Two flicks I can't wait to see are Four Christmases and Twilight. Four Christmases because I first read of the premise for this film in Blake Snyder's brilliant Save the Cat book and thought it was such a great idea: a newly-married couple have to spend part of Christmas day with each of their divorced parents (so four Christmases in one day). Let's hope they haven't dropped the ball in executing it and ruined what promises to be the sort of funny Xmas movie we can all identify with.

Twilight I have to see simply because the teenage girls' reaction to star Robert Pattinson appearing at the Austin Film Festival was so insane that I have to see what the fuss is about. I didn't think he was fantastic in How to Be, the film actually showing at the festival, so am curious to see what he'll be like in Twilight.

It's based on a novel (which I haven't read yet), which brings me neatly onto my tip for Christmas presents: buy novels that are about to be made into films next year. It can be person/age appropriate, i.e. get children's books for the kiddies, something like Shutter Island by Dennis Lehane for people who like thrillers etc. That way, when the films come out in the theatre, they can be all smug and say "Well, of course I've read that already". It's a no-brainer: people love being ahead of the pack....

Christmas presents and upcoming movies

Two flicks I can't wait to see are Four Christmases and Twilight. Four Christmases because I first read of the premise for this film in Blake Snyder's brilliant Save the Cat book and thought it was such a great idea: a newly-married couple have to spend part of Christmas day with each of their divorced parents (so four Christmases in one day). Let's hope they haven't dropped the ball in executing it and ruined what promises to be the sort of funny Xmas movie we can all identify with.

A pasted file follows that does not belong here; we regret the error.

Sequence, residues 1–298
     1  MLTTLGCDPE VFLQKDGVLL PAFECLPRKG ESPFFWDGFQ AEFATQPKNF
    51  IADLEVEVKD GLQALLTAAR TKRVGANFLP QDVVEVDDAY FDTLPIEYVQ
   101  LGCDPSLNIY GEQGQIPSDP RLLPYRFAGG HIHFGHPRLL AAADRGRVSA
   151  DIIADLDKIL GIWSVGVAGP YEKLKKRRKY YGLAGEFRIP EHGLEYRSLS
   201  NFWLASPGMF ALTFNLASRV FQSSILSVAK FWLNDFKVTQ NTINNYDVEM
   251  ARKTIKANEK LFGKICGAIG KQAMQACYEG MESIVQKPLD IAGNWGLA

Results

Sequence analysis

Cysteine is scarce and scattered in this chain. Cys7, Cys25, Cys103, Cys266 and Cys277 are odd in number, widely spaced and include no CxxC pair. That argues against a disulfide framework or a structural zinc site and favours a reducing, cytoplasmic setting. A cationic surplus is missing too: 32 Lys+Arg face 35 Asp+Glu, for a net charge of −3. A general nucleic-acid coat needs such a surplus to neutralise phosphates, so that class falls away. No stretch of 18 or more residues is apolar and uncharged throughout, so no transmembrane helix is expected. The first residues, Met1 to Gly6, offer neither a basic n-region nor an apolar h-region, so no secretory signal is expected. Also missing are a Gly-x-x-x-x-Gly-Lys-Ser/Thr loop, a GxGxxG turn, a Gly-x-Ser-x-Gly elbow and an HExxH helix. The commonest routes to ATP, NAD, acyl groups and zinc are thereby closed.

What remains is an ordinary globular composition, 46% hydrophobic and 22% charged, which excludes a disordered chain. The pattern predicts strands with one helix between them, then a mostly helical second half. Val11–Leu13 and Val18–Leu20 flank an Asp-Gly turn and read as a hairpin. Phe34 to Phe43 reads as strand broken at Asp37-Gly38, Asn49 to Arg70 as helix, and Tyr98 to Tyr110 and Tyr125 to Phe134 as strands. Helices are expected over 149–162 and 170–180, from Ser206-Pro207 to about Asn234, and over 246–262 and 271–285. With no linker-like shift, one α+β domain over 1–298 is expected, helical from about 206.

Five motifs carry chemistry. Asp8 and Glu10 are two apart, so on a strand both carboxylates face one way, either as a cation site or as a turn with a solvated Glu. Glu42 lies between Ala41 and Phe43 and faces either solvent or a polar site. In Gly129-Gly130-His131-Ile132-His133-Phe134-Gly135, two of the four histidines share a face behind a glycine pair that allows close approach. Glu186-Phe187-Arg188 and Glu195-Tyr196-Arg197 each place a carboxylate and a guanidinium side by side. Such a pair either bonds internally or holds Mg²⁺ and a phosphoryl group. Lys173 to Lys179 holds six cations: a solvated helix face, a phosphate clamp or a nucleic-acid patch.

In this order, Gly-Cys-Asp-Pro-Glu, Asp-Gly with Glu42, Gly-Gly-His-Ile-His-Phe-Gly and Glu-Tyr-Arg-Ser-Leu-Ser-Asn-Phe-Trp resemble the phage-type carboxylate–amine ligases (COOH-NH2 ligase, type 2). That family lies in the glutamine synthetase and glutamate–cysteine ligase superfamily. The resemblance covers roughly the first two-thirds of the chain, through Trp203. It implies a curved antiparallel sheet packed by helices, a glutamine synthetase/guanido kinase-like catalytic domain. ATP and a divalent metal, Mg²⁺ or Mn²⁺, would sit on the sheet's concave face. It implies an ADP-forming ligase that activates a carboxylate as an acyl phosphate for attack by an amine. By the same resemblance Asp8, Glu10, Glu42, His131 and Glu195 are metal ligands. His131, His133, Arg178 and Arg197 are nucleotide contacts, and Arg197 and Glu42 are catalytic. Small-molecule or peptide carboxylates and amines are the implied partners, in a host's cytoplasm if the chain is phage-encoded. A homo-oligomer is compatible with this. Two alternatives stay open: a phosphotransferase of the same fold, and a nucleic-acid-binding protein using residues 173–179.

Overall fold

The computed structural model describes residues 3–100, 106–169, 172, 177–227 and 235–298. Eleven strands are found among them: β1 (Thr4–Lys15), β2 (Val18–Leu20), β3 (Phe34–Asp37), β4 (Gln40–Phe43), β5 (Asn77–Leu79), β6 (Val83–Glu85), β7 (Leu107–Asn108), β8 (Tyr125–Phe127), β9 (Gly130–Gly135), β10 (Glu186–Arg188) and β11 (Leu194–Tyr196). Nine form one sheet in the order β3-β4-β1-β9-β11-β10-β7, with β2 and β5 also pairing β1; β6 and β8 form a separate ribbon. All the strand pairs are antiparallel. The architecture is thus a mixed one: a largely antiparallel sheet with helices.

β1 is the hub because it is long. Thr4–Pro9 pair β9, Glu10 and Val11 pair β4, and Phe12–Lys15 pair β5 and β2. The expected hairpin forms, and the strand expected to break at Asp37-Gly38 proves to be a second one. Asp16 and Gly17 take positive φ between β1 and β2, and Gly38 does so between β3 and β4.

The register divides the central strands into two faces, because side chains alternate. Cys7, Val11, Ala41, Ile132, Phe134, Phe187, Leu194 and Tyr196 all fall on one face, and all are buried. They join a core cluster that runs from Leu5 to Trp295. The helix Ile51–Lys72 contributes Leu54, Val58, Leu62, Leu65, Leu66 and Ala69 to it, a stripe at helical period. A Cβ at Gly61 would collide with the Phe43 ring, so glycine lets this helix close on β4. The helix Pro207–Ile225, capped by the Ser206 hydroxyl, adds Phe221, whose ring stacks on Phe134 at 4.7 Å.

Twilight I have to see simply because the teenage girls' reaction to star Robert Pattinson appearing at the Austin Film Festival was so insane that I have to see what the fuss is about. I didn't think he was fantastic in How to Be, the film actually showing at the festival, so am curious to see what he'll be like in Twilight.

It's based on a novel (which I haven't read yet), which brings me neatly onto my tip for Christmas presents: buy novels that are about to be made into films next year. It can be person/age appropriate, i.e. get children's books for the kiddies, something like Shutter Island by Dennis Lehane for people who like thrillers etc. That way, when the films come out in the theatre, they can be all smug and say "Well, of course I've read that already". It's a no-brainer: people love being ahead of the pack....

Thursday, November 13, 2008

Being patient - and a pleading letter to Ewan McGregor

I've started work on The Heartstoppers, my U.S.-set comedy horror and it's going well. The reason - and the thing that's changed my screenwriting life - is that I sat down first and wrote a ten-page treatment for it. Never again will I try to write a script without a treatment. Therein lies madness! And a lot of frustration and pacing up and down....